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Aug 29, 2006 02:33 PM

Mystery Korean Tofu Joint in Rockville

OK, so in a recent thread,"monkeyrotica" posted a link to this invaluable list of reviews of area Korean restuarants --

And No. 1 on the hit parade -- with reviews to die for -- is some sort of tofu place with no English name and no address, in Rockville.

A google search turned up this mouth-watering review of what must be the place -- --

but again, no address or English name, except that "Tofu House" appears to be part of it. (Indeed, the writer wasn't even sure whether it was Korean or Chinese.


Shouldn't take us long to figure it out, right? And to report back?

And while we're at it, anyone have thoughts about some of the other highly-rated places on that Korean Restaurant site, esp. in, e.g., Annandale and Beltsville?

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  1. Could this be it? If so, there's also one in Annandale.

    Vit Guel Tofu House
    4121 Chatelain Rd #100 Annandale, VA 22003
    Telephone: (703)333-3436

    Vit Guel Tofu House
    12710 Twinbrook Pkwy Rockville, MD 20852
    Telephone: (301)881-1178

    7 Replies
    1. re: cheesepowder

      That must be it. The Virginia location gets reviews almost as unanimously positive (one dissenter brings down the average):

      And here's a more comprehensive description:

      I'll try to check it out soon, although it sounds more suited for a cold winter's day. If anyone tries it, please report back.

      1. re: MartyL

        Thanks for the tip. I actually work in Rockville so I tried the Tofu House for lunch today and enjoyed my tofu stew. I pictured a restaurant in a strip mall, but it was actually in its own, standalone building (with a parking lot). The sign says Lighthouse Tofu & BBQ, Now Open (although from the date of the comments on the Korean site, it seems to have been open at least since the beginning of this year.) The restaurant inside is bright and spacious with wood tables. Around noon, the place was only about one third to one half full with both Koreans and non-Asians. The waitresses wore Korean dress and were friendly and spoke English. Service was also pretty quick.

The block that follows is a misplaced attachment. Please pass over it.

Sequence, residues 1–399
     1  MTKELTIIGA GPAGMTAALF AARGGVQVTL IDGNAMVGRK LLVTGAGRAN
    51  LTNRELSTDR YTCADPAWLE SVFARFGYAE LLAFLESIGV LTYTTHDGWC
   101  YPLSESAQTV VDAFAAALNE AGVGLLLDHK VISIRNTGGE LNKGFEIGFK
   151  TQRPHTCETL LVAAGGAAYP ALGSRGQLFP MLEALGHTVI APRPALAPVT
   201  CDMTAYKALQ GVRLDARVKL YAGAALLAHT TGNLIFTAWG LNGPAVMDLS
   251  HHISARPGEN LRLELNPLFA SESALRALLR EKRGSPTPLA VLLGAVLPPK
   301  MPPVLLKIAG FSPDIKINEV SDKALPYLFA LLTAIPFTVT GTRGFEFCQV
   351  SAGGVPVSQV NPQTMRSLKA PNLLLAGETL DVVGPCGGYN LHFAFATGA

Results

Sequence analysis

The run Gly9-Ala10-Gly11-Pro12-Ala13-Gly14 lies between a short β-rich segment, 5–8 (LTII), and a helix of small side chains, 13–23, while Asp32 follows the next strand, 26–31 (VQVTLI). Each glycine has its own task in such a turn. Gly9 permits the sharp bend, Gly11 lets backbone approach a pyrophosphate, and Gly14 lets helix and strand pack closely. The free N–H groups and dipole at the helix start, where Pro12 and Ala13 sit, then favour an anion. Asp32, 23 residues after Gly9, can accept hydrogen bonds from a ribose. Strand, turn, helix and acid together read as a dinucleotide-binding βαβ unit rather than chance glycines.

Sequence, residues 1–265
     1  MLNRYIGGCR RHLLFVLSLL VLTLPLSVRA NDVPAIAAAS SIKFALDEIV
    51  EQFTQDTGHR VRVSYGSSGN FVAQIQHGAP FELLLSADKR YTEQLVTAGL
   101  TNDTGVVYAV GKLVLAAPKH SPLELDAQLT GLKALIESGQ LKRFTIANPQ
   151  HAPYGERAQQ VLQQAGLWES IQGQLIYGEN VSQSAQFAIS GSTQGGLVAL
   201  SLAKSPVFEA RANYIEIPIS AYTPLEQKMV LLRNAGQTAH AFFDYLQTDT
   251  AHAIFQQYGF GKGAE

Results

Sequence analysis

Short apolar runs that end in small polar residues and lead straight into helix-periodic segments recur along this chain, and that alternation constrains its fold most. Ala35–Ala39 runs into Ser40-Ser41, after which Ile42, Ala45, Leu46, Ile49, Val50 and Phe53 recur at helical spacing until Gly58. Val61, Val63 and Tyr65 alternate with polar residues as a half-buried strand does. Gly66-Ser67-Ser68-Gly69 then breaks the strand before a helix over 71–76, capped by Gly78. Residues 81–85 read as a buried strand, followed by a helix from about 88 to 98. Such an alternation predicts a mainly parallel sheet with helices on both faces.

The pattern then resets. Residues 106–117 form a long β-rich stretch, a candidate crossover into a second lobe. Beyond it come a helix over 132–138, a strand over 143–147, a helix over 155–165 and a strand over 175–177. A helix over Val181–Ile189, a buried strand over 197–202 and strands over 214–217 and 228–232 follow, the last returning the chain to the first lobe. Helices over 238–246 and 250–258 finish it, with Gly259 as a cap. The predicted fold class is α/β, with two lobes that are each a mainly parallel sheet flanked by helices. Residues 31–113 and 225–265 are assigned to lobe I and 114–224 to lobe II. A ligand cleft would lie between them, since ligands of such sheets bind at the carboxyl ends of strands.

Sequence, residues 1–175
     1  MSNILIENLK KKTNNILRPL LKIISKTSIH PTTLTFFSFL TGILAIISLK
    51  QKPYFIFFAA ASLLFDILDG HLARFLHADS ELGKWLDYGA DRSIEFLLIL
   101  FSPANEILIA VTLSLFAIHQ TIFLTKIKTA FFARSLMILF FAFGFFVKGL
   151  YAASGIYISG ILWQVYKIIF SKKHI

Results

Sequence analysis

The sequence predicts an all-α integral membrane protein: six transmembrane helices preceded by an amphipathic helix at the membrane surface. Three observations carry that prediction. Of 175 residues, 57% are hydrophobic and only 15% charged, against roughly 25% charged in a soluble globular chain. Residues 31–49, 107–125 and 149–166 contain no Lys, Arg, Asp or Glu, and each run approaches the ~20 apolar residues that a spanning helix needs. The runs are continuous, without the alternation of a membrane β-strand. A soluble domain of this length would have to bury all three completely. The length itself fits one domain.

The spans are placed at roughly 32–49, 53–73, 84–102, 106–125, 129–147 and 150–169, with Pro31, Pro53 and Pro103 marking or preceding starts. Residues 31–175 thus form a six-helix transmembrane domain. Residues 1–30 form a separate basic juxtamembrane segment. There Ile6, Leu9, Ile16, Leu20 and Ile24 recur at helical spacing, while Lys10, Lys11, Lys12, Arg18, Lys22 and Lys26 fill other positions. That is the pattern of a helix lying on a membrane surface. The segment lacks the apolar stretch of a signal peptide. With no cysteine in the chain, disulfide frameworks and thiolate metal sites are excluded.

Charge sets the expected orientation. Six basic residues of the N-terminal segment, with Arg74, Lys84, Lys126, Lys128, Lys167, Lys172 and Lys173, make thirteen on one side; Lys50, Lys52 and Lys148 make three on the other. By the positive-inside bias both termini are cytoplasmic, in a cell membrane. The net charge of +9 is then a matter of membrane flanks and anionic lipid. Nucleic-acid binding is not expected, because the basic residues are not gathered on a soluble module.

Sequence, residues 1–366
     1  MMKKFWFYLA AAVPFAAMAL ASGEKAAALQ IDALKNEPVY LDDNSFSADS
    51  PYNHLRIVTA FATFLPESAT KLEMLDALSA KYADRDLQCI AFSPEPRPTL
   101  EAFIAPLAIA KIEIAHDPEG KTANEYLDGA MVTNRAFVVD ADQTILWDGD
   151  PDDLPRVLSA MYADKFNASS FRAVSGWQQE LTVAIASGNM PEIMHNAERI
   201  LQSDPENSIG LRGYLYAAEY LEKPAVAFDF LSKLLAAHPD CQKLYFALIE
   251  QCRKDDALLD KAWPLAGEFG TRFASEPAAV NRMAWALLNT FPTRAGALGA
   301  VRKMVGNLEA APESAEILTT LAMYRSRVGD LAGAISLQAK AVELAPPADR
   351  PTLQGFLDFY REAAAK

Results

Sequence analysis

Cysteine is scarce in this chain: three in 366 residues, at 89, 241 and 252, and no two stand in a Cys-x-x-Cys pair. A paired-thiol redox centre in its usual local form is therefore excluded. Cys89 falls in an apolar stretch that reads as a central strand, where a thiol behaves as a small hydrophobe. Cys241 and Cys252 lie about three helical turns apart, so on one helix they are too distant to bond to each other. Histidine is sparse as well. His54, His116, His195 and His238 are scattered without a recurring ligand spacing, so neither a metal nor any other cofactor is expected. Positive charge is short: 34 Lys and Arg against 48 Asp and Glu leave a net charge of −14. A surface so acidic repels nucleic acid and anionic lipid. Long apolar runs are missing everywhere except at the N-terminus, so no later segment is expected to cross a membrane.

Menu: They specialize in tofu stew (soon dooboo). The menu is in a plastic stand on each table and lists tofu stews for $7.99 for lunch, $8.99 for dinner. The stew varieties are: 1- mushroom; 2- clam, shrimp, oyster & beef; 3- clam, shrimp, & oyster; 4- kimchee beef; 5- oyster; 6- pork & beef; 7- beef; and 8- vegetable. You can select the spice level for the stew – white, mild, medium, spicy, and spicy spicy. They also have Korean bbq, marinated beef (bool go gee), mixed seafood and vegetable pancake, noodles with small octopus broth and special sauce, noodles with stir fried small squid with spicy sauce, and stir fried small squid vegetable with spicy sauce, ranging in price from $9.99, $12.99 and $15.99.

        They give you cold barley tea (boreecha) for water. I ordered the pork & beef tofu stew with a spicyness level of “spicy.” The waitress brought over a cart with my dishes. She gave me the stew which was bubbling hot in a stone pot. She also gave me a small dish containing a raw egg still in the shell for me to crack into the stew. Then she had another stone pot with rice, and she scooped rice out of this pot into a stainless steel bowl which she gave me. Then she scooped some excess rice out of the stone pot into another stainless steel bowl (that I presume she took back into the kitchen with her), and she poured barley tea into the stone pot with the rice. She gave me that stone pot with a big plastic spoon. By the end of my meal, the barley tea in the stone pot was very warm, and I could scoop up the soft and browned bits of watery rice from the stone pot.

        She also gave me four side dishes: (1) bean sprouts, (2) something that looked like chopped raw garlic with chopped raw oysters (?) in red pepper sauce, (3) kimchee in cold orange water/kimchee juice (?) (4) pickled spicy cucumber in thick round slices (seemed slightly sweeter and less garlicy than the kind at A&J), and (5) kimchee – the kind that’s not yet fermented. It was strips of napa cabbage in hot pepper sauce with a touch of fish/seafood flavor (personally I prefer the fermented kind but this was good for what it is.)

        My stew was chock full of soft and custardy tofu in a spicy broth. The meat bits were more of an accent, the tofu was really the main ingredient. I'm also not sure I got pork and beef, it looked like just beef to me. I stirred my egg into the stew so it kind of blended in. The stew tasted as I expected it should (I say that because I’m Korean American). I have a medium to medium high tolerance for spicy, and I was satisfied with the “spicy” level of the stew (the heat (temperature) of the stew also accentuates the spicyness). To me, it was the level of spicy I would expect if I ordered the stew at a Korean restaurant without specifying the spicyness level, though I don't know how much of a gradient there is between medium and spicy or spicy and spicy spicy. It was pretty inexpensive for a filling lunch, and I even took half my stew home (they have Styrofoam containers, and the waitress helped me scoop the stew into the container). I’d go back again and try the other items on the menu.

        1. re: cheesepowder

          What a great report! You made me feel like I had lunch with you. Vit Gol has good word of mouth in Annandale, but I've never been. Also of interest is the following list from the Korean Embassy:

          By Chi-hyun Cho

          For those of you who are looking for Korean restaurants around the Washington D.C. area, here is a recommended list:

          For Korean BBQ: